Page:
In an almost verbatim repeat of Carl Icahn's words of caution which we noted yesterday, Templeton's legendary chairman Mark Mobius said that "another financial crisis is inevitable because the causes of the
previous one haven’t been resolved" during a luncheon (menu included herb crusted chicken breast with cheese and tomato sauce, mashed potato and green vegetables, seasonal salad) at the Foreign Correspondents’ Club of Japan in Tokyo. Bloomberg reports: "There is definitely going to be another financial crisis around the corner because we haven’t solved any of the things that caused the previous crisis,” Mobius said at the Foreign Correspondents’ Club of Japan in Tokyo today in response to a question about price swings. “Are the derivatives regulated? No. Are you still getting growth in derivatives? Yes." Unlike Icahn, Mobius stopped short of calling for a return to Glass-Stegall and a repeal of the abominable Gramm-Leach-Bliley which unleashed the era of zero margin derivatives and financial system neutron bombs. On the other hand, it is nice of Messrs Icahn and Mobius to speak up now, two years after the ongoing systemic instability transferred $3.5 trillion in capital from current and future taxpayer generations to the present financial elite. We do, however, forgive them because in their better late than never contrition, they join the likes of Zero Hedge who since January of 2009 have warned, over and over, that nothing in the structure of capital markets has changed, and that the market could any day open not only bidless, but broken beyond even Brian Sack-ian band aid repair.
Mobius, as seems to be the conventional wisdom these days, focuses on the $600 trillion or so in OTC derivatives as the next source of systemic jeopardy:
The total value of derivatives in the world exceeds total global gross domestic product by a factor of 10, said Mobius, who oversees more than $50 billion. With that volume of bets in different directions, volatility and equity market crises will occur, he said.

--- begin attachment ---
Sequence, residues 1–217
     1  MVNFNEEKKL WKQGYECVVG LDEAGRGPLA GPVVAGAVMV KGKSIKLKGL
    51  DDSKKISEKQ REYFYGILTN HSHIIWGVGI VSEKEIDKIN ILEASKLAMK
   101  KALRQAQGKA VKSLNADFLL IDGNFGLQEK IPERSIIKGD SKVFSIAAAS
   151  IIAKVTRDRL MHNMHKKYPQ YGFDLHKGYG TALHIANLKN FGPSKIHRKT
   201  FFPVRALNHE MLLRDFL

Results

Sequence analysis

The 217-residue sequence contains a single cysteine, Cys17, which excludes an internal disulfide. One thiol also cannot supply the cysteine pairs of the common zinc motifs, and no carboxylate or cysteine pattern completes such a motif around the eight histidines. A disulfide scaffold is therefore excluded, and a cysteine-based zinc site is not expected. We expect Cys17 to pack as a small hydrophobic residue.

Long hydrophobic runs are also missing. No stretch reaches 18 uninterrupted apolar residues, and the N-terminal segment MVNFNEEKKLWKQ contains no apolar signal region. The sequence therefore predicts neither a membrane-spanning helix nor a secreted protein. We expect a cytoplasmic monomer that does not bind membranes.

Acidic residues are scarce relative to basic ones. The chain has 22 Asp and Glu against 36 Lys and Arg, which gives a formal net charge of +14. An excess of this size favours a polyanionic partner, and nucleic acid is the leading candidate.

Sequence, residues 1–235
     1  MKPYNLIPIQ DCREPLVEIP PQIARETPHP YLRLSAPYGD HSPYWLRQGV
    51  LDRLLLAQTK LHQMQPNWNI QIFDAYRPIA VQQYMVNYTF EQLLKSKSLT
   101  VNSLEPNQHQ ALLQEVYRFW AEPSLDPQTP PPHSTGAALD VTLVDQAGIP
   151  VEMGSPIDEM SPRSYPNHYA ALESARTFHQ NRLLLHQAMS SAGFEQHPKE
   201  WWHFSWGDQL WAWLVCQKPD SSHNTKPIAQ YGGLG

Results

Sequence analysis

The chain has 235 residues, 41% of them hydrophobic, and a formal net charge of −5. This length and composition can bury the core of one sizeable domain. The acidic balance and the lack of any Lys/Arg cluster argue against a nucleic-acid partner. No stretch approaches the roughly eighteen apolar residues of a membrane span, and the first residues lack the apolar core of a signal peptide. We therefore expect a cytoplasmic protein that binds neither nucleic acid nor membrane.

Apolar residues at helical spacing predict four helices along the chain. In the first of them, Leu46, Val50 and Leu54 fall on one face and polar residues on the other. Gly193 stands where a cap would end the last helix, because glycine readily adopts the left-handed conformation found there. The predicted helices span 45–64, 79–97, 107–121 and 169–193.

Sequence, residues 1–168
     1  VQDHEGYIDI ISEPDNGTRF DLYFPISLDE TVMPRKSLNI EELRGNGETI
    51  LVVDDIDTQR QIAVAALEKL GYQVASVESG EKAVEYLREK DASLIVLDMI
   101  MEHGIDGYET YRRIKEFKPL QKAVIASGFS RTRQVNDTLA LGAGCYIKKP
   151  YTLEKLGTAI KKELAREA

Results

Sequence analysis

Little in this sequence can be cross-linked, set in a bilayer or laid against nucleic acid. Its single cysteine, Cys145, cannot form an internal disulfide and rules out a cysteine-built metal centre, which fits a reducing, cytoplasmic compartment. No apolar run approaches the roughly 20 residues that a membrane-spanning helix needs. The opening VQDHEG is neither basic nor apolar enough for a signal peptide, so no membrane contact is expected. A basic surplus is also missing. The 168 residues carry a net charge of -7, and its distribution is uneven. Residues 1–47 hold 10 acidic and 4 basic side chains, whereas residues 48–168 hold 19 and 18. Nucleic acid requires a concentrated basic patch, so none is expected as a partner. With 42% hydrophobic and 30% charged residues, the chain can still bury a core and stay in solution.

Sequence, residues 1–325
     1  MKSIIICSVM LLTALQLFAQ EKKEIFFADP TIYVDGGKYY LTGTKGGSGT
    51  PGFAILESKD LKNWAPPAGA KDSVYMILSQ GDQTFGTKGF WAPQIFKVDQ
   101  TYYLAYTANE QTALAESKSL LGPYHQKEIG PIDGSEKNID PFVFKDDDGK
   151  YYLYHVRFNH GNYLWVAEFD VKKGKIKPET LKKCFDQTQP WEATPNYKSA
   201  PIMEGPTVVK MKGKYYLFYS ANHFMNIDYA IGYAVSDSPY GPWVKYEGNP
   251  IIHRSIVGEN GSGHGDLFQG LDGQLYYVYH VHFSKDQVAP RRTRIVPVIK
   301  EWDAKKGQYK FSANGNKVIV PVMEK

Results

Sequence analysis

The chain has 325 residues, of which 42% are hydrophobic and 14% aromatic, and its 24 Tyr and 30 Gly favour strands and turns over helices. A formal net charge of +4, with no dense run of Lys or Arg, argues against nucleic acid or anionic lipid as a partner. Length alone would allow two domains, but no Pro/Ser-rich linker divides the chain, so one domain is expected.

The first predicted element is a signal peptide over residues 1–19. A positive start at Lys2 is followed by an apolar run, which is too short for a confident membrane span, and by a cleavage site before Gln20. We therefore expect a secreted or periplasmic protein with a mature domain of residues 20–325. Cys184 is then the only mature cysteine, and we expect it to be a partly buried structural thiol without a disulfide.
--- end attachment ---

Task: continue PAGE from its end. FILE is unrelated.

The global financial crisis three years ago was caused in part by the proliferation of derivative products tied to U.S. home loans that ceased performing, triggering hundreds of billions of dollars in writedowns and leading to the collapse of Lehman Brothers Holdings Inc. in September 2008. The MSCI AC World Index of developed and emerging market stocks tumbled 46 percent between Lehman’s downfall and the market bottom on March 9, 2009.
He also blasted the lunacy of Too Big To Fail, where the Fed and the FDIC took an already unstable system, and made it even more brittle, by concentrating more deposits and more assets with a record low number of banks:
The largest U.S. banks have grown larger since the financial crisis, and the number of “too-big-to-fail” banks will increase by 40 percent over the next 15 years, according to data compiled by Bloomberg.
Separately, higher capital requirements and greater supervision should be imposed on institutions deemed “too important to fail” to reduce the chances of large-scale failures, staff at the International Monetary Fund warned in a report on May 27.
“Are the banks bigger than they were before? They’re bigger,” Mobius said. “Too big to fail.”
However, as long as Wall Street muppet Tim Geithner is in charge of the Treasury nothing will change.
Lastly, Mobius had some origianal words of investment advice, something that one could previously find at the Ira Sohn conference, before it became a media-fest free-for-all, book talking exercise in upcoming asset manager obscurity.
The money manager had earlier said at the same event that Africa has an “incredible” investment potential and that he has stakes in Nigerian banks.
“These banks are doing very well and are much better regulated than they were in the past,” Mobius said, without disclosing which lenders he holds.
Banks account for five of the eight stocks in the MSCI Nigeria (MXNI) Index. Guaranty Trust Bank Plc, the country’s No. 2 lender by market value, surged 31 percent in the six months through May 27, according to data compiled by Bloomberg. Shares of Access Bank Nigeria Plc recorded the second-biggest decline on the gauge in the period, the data show.
Is Africa the next bubble? And is it Africa's banks or their gold and other precious metals? Either way, how long before the IMF decides to offer openly dictatorial regimes in Central and Western Africa, only for NATO to decide one day 2-3 years from now that the time for humanitarian intervention has come, and it is the sanctified duty of the enlightened west to rid said countries of their gold, er oil, er diamons, sorry, evil dictators who will have been for many years the happy recipients of World Bank and IMF "infrastructure" capital...